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Title:Assessing the multidimensional nature of integration in employment settings
Author(s):Lagomarcino, Thomas Robert
Department / Program:Education, Special
Sociology, Industrial and Labor Relations
Sociology, Public and Social Welfare
Education, Vocational
Discipline:Education, Special
Sociology, Industrial and Labor Relations
Sociology, Public and Social Welfare
Education, Vocational
Degree Granting Institution:University of Illinois at Urbana-Champaign
Degree:Ph.D.
Genre:Dissertation
Subject(s):Education, Special
Sociology, Industrial and Labor Relations
Sociology, Public and Social Welfare
Education, Vocational
Abstract:Supported employment has emerged as an important policy development that must also be seen as a significant departure from current service delivery and policy. The integration of individuals with severe disabilities into the workplace is an essential element of supported employment. Worksite integration focuses on providing opportunities for workers with disabilities to interact in a variety of settings and situations which can include the work environment, lunchroom, break times, traveling to and from work, or socializing after work. Unfortunately, adequate measurements systems for integration have yet to be developed. The purpose of this dissertation was to develop an instrument, the Employment Integration Index, to measure the degree to which employees with disabilities were integrated into community settings. The instrument included the following dimensions: (a) Physical Integration, (b) Social Integration, and (c) Organizational Integration. A total of 191 individuals with severe disabilities in 101 supported employment settings were assessed using the instrument. The results indicated that the Employment Integration Index provided a reliable means of measuring the degree to which persons with disabilities are integrated into the workplace across these three dimensions. A series of validity studies were conducted revealing significant differences between level of employment integration and selected employment-related variables: (a) level of mental retardation, (b) placement type, (c) occupational areas, and (d) level of employment specialist involvement. Results also indicated positive correlations between employment integration and number of hours worked per month and hourly wage. The implications of this investigation and future research directions are discussed.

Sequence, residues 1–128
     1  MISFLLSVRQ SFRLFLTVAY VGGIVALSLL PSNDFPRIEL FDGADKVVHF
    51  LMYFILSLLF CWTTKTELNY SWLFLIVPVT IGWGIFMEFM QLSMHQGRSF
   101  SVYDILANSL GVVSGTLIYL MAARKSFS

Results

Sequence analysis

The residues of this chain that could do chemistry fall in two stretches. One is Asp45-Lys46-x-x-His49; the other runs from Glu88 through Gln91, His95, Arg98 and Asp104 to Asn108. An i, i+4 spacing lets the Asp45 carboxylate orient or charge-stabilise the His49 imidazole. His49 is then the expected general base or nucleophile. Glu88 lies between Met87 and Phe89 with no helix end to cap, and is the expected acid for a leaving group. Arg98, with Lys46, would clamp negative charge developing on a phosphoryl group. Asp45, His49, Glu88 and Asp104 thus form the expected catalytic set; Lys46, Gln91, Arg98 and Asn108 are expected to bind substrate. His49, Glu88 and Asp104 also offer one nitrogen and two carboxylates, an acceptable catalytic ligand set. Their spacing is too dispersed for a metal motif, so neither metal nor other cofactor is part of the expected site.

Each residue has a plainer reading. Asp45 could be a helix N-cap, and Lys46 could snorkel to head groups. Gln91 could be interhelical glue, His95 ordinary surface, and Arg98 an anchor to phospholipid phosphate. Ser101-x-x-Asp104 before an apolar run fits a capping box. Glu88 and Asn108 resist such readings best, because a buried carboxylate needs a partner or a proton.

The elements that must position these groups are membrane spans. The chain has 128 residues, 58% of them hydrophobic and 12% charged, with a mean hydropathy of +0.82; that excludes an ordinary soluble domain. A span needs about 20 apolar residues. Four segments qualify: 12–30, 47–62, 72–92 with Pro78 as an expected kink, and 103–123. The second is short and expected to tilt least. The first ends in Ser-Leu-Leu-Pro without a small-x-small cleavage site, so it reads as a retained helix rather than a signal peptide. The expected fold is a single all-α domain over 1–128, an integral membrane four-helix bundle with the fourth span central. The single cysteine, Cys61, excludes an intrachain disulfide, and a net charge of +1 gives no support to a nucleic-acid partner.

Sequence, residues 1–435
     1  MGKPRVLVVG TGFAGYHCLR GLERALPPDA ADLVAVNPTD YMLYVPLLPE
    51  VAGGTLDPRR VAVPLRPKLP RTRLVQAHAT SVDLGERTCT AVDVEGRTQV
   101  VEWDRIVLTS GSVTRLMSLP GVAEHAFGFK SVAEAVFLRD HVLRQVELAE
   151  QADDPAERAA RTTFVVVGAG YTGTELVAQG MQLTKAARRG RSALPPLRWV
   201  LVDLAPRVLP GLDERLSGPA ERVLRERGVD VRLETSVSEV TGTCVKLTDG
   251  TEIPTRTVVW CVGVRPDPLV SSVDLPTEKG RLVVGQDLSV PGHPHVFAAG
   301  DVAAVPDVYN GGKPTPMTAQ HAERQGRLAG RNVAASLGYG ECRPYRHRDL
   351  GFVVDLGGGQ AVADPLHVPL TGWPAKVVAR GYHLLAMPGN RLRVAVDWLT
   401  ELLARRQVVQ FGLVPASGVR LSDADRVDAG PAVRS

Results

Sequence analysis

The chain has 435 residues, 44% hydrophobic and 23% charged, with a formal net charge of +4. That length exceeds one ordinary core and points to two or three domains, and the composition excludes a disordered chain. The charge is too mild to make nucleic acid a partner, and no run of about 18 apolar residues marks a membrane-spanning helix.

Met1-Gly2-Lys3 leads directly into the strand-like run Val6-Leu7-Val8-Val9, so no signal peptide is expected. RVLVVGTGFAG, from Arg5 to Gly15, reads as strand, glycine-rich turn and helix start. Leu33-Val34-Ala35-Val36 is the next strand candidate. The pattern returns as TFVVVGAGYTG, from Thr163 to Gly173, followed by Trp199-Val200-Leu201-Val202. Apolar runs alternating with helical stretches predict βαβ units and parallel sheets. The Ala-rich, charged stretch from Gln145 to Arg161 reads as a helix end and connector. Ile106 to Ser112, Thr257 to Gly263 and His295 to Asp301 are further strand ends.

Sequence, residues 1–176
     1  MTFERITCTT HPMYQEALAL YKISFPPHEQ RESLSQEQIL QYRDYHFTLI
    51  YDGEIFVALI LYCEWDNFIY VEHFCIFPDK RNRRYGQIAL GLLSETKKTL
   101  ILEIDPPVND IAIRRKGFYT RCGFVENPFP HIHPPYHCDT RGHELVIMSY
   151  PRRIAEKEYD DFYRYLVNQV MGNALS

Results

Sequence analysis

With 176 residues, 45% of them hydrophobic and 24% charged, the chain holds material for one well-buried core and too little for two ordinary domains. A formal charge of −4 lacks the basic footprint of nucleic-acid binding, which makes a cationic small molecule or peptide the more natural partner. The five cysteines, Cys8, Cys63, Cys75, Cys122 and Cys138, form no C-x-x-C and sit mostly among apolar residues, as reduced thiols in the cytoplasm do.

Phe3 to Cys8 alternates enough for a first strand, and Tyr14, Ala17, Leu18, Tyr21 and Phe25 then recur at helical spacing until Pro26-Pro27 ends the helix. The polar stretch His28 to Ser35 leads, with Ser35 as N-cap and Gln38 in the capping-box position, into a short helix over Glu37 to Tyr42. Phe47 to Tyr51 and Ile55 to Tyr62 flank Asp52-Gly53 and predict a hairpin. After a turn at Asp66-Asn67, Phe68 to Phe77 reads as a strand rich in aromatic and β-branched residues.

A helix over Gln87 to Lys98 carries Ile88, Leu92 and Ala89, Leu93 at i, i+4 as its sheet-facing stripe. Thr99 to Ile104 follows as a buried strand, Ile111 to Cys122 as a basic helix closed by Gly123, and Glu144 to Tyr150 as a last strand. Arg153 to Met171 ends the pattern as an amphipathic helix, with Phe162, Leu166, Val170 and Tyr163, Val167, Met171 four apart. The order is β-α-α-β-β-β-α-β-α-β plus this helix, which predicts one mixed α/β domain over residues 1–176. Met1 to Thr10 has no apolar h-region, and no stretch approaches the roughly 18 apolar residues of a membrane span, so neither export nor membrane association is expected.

Issue Date:1989
Type:Text
Language:English
URI:http://hdl.handle.net/2142/23536
Rights Information:Copyright 1989 Lagomarcino, Thomas Robert
Date Available in IDEALS:2011-05-07
Identifier in Online Catalog:AAI9010924
OCLC Identifier:(UMI)AAI9010924


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